A discovery-oriented pipeline can be constructed by harvesting successful methods from the IMP literature to develop pragmatic criteria that supervise the flow of targets. This is a key distinction – a discovery-oriented pipeline constitutes a progression of targets (proteins) with standardized methods while a systems-oriented approach requires the development of methods and protocols to facilitate the progression of a specific target. In general, there are four typical hurdles to overcome in pursuing eukaryotic IMP structures: (1) producing sufficient quantities of functional protein, (2) finding an appropriate detergent for membrane extraction of the target protein, (3) purification of the target protein, and (4) optimizing initial crystal hits to obtain sufficient resolution data for structure determination. Finding a truly suitable formula that matches multiple IMPs is difficult. If one were to implement a structural genomics style pipeline for eukaryotic IMP targets, could compromises be identified that still result in high-output results while retaining information on the probability for increased success through additional tuning? We have shown that there are and published results serve as an instructive guide.

Yeast is a viable system for homologous or heterologous overexpression of eukaryotic integral membrane proteins. To date, seven of the thirteen heterologously expressed integral membrane protein structures were produced in some form of yeast (4, 611). This may not be entirely surprising as “yeast”, especially Pichia pastoris or Saccharomyces cerevisiae, have a number of advantages for the production of eukaryotic IMP targets including: proper membrane targeting and insertion machinery, capabilities for post-translational modifications and a lower activation barrier and cost relative to other systems (e.g. sHEK293S or baculovirus). Furthermore, S. cerevisiae is attractive because of its applicability to high-throughput cloning and expression trials via episomal plasmids (12, 13). An extensive library of non-lethal knockouts in the ‘Yeast Knockout’ deletion collection (14) makes for a well-characterized platform for downstream functional studies (15). The observation that yeast is a suitable system for the overexpression of eukaryotic IMPs is in itself not new (12, 15, 16), yet worth reiterating for the purposes of this discussion. Thus, baker’s yeast is an appropriate system to utilize in a general eukaryotic IMP structure determination pipeline. The S. cerevisiae system is not expected to be optimal for every eukaryotic protein of interest but for generalized and streamlined screens it can produce reasonable indications of IMPs that seem more tractable. In addition, these results can be obtained relatively quickly – moving from initial cloning to expression/solubilization trials in just two weeks.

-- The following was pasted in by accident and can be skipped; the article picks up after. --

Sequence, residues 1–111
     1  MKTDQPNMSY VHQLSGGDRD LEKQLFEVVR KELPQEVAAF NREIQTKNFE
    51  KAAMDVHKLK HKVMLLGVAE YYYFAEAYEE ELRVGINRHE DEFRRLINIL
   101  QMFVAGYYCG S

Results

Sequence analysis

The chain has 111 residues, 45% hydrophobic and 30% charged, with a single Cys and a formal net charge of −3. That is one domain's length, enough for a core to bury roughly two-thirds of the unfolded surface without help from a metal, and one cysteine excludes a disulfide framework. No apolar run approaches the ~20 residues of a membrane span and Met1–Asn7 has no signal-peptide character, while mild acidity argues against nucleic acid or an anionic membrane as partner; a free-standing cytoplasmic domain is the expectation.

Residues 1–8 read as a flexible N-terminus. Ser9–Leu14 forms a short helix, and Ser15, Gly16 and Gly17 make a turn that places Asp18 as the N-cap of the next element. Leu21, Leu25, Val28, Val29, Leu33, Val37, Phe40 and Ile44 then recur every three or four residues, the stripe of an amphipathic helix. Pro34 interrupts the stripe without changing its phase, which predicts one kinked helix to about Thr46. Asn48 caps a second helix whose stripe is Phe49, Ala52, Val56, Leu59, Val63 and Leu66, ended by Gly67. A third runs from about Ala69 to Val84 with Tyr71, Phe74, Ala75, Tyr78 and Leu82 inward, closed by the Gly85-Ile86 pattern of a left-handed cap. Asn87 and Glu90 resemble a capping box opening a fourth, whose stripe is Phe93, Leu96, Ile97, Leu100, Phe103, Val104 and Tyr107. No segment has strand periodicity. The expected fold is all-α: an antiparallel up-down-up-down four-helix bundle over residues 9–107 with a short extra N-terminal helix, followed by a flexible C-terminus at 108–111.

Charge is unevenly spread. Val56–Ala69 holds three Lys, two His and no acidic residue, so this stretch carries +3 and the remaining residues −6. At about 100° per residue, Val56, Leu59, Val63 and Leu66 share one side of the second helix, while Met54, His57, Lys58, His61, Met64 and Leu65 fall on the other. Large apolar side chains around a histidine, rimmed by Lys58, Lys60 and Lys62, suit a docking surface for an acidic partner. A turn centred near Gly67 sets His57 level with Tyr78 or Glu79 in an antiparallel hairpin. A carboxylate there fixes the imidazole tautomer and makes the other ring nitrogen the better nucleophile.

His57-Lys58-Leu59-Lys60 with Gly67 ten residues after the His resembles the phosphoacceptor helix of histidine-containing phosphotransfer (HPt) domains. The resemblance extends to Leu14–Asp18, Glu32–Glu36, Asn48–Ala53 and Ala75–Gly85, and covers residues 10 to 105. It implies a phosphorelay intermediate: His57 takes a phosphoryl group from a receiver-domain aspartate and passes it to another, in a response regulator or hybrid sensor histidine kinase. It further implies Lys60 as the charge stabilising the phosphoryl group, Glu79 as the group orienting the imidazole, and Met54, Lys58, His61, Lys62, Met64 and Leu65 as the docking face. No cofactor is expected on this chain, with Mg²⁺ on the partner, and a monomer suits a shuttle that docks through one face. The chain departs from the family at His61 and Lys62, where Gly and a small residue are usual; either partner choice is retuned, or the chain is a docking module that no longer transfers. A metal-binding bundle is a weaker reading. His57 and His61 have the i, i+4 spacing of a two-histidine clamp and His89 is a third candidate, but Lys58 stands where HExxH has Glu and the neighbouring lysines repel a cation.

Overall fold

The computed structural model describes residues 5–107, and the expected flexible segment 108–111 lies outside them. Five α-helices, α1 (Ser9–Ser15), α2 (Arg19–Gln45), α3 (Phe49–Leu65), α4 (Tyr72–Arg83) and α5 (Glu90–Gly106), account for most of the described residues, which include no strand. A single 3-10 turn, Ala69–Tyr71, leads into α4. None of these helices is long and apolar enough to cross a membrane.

To date, DDM has been heavily favored in detergent-mediated extraction and purification of heterologously expressed eukaryotic IMP structures, accounting for nine out of the thirteen known (4, 6, 810, 1720). Thus, if only one detergent is used, detergent n-dodecyl-β-D-maltoside (DDM) is an effective choice for broad screens of eukaryotic IMP targets both in its ability to solubilize specific targets and not impede initial crystallization. For pursuing prokaryotic targets an appropriate choice may be n-octyl-β-D-glucoside (OG). DDM is a compromise between shorter chain, and often less effective, detergents like OG and longer chain, and often more effective, zwiterionic detergents such as n-dodecylphosphocholine (FC-12). DDM is sufficiently strong to extract targets from the membrane while not being astringent enough to denature or inactivate them. In addition, DDM has been shown to encompass the larger area of Dumont’s Venn diagram (16), or the full range of target solubilization of other detergents that are more amenable to crystallization, namely DM, NG, and OG. Since detergent exchange can be considered later in the purification stage of the pipeline, DDM can comfortably be used as the sole detergent to initially solubilize targets while refining alternative detergent/lipid mixtures for crystallization. Using DDM further reduces the cost of these broad screens since it has a relatively low critical micelle concentration (CMC ≈ 0.12 mM in 200 mM NaCl) thereby requiring substantially less detergent in solubilization and purification buffers. Thus, using a single detergent for solubilization is both economic of protein source, and amenable to the high-throughput extensive phase of our discovery-oriented pipeline.

Implementation of streamlined purification protocols for eukaryotic IMPs is very challenging. Individual targets often require personalized attention to ensure stability and monodispersity within a given buffer condition and detergent. Fortunately, purification methods for IMP targets are largely the same as those for soluble proteins, with addition of detergent and lipids to protein containing micelles. Attendant complexities occur as a result of excess protein-free micelles, multiple aggregation states, instability, or precipitation of target protein.